Bowdon-based children’s cancer research charity, Friends of Rosie, has welcomed a 12-year-old cancer survivor as its first ever Young Ambassador.
Ruth Grace Crosby was diagnosed with osteosarcoma, a type of bone cancer, when she was just eight and endured a horrific experience throughout her cancer treatment, enduring countless side effects.
She also suffered a severe allergic reaction to one of the chemotherapy drugs and eventually had her leg amputated.
As a Friends of Rosie Young Ambassador, Ruth Grace will be helping the charity to fundraise, raise awareness of the vital need for more research, and to connect with other children who have been or are going through cancer treatment.
She said: “If my involvement can help just one another child get through treatment, that would be amazing.”
The impact of Covid 19 has significantly reduced the charity’s normal flow of support and its ability to fundraise, with a 50% drop in fundraising income since lockdown began in March.
Ruth Grace will be working with the Friends of Rosie team to come up with new fundraising ideas to get much deserved attention on childhood cancer research.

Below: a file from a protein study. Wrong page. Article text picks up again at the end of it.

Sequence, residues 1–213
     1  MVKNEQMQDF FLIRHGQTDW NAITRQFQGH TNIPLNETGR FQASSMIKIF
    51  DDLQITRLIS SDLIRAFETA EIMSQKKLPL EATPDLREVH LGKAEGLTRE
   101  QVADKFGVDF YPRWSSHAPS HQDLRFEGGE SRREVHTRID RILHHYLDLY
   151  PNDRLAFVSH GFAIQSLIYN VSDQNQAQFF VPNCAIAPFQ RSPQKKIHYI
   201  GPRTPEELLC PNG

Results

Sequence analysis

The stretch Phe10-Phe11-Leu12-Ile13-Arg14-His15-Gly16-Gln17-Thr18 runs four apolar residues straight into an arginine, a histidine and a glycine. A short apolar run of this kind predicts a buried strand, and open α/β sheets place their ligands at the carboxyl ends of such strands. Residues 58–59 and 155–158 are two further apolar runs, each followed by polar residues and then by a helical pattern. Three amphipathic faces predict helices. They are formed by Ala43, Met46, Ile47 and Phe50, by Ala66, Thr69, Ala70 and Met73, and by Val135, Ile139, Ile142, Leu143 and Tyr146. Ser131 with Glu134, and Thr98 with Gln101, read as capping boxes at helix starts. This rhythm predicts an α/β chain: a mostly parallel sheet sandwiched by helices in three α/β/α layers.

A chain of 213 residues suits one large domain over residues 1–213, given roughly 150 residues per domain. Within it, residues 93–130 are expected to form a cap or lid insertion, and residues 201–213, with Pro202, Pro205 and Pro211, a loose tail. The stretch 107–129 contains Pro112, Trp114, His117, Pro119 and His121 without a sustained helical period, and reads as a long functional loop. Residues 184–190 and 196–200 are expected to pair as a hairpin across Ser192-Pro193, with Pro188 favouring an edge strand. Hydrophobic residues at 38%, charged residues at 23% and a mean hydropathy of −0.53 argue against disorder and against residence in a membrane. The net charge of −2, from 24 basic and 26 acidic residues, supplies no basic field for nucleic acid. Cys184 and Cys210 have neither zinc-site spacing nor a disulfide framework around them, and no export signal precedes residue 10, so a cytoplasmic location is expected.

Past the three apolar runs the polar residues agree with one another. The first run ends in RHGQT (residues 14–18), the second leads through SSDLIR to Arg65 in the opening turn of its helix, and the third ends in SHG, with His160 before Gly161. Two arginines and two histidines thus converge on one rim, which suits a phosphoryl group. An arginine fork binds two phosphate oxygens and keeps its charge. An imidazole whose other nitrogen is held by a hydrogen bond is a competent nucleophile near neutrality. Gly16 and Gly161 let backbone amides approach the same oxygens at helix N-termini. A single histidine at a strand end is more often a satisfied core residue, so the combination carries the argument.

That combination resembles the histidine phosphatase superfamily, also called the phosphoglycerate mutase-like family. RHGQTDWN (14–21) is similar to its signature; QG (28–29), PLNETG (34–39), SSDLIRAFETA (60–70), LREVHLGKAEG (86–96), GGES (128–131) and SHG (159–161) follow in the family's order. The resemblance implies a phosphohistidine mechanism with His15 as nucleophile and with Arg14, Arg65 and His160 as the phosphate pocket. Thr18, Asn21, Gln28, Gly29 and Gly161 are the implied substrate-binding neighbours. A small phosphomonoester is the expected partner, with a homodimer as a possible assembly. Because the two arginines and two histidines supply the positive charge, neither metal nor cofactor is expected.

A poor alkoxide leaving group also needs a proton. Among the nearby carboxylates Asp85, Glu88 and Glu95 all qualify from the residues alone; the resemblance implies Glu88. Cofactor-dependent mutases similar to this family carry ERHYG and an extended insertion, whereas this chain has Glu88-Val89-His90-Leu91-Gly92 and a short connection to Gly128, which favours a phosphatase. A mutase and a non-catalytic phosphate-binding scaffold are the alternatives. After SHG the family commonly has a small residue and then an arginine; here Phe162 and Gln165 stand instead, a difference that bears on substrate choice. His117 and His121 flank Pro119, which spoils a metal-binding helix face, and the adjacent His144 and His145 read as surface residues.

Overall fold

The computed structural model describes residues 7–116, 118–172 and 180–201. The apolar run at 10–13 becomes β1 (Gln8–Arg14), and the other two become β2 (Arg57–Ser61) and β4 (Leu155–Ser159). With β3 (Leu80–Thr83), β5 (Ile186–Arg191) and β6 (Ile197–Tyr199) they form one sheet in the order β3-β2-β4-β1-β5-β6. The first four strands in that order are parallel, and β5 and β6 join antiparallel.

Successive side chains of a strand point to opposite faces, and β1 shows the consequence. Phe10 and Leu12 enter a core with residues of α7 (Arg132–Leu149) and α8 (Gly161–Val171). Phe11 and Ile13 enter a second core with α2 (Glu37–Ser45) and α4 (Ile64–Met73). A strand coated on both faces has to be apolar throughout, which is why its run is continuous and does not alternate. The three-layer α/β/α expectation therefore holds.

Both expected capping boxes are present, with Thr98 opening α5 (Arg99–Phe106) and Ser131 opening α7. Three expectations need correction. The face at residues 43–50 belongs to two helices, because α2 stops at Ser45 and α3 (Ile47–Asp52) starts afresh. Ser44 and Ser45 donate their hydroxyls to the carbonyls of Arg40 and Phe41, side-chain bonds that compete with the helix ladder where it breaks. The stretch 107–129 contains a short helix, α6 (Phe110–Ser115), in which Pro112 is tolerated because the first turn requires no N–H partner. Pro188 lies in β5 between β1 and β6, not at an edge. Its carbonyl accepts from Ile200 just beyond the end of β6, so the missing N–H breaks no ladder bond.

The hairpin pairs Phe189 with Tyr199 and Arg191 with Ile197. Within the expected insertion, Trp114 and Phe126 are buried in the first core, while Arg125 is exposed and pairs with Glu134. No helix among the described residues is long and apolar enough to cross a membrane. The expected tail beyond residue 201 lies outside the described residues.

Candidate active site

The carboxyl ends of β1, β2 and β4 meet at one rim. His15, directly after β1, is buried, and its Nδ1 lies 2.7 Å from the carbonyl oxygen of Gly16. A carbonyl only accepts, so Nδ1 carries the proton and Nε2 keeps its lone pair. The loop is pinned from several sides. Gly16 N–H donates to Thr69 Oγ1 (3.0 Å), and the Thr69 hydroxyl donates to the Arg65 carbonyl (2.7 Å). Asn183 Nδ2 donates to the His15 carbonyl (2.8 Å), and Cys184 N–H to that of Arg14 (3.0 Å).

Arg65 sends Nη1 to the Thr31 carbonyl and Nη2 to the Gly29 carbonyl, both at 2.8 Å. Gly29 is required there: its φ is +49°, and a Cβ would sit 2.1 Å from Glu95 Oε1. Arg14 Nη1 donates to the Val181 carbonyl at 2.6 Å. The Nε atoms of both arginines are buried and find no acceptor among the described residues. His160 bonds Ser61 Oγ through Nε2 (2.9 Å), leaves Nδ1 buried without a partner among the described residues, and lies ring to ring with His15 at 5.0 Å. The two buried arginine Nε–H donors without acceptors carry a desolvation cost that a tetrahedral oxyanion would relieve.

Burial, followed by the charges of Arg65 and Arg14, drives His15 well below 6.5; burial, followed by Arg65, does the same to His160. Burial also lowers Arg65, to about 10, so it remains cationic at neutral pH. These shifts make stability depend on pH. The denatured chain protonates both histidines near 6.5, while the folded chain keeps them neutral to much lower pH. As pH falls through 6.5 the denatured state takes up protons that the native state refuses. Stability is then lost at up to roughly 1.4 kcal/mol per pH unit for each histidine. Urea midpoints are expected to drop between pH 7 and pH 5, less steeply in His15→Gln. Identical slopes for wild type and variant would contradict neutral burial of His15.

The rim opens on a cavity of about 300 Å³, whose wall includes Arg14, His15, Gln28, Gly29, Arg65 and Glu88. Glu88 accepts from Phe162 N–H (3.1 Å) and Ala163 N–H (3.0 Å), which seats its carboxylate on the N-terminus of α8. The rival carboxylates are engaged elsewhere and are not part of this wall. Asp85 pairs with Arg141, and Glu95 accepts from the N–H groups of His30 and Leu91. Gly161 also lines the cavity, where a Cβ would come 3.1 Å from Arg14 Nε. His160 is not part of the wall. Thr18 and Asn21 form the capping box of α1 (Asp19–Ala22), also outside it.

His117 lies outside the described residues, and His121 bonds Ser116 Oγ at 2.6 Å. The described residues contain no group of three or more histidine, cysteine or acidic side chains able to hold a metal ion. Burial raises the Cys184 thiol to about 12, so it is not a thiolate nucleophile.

It’s a year since Ruth Grace, who is now three years cancer-free, had her leg amputated.
She started back to school last week and has recently had a prosthetic leg fitted.
Felicity Goodey, Friends of Rosie Chair, said: “We’re delighted to have Ruth Grace as part of our team and I’m sure she’ll make a hugely positive impact on the work that we do.
“Ruth Grace is why we exist. It’s often only seeing young children going through the devastation of cancer and gruelling treatments that people realise how important it is to find better treatments and cures. Her involvement will help us to raise awareness of the need for more dedicated research into the causes, treatment, and diagnosis of childhood cancer.”
To support Friends of Rosie, visit the website.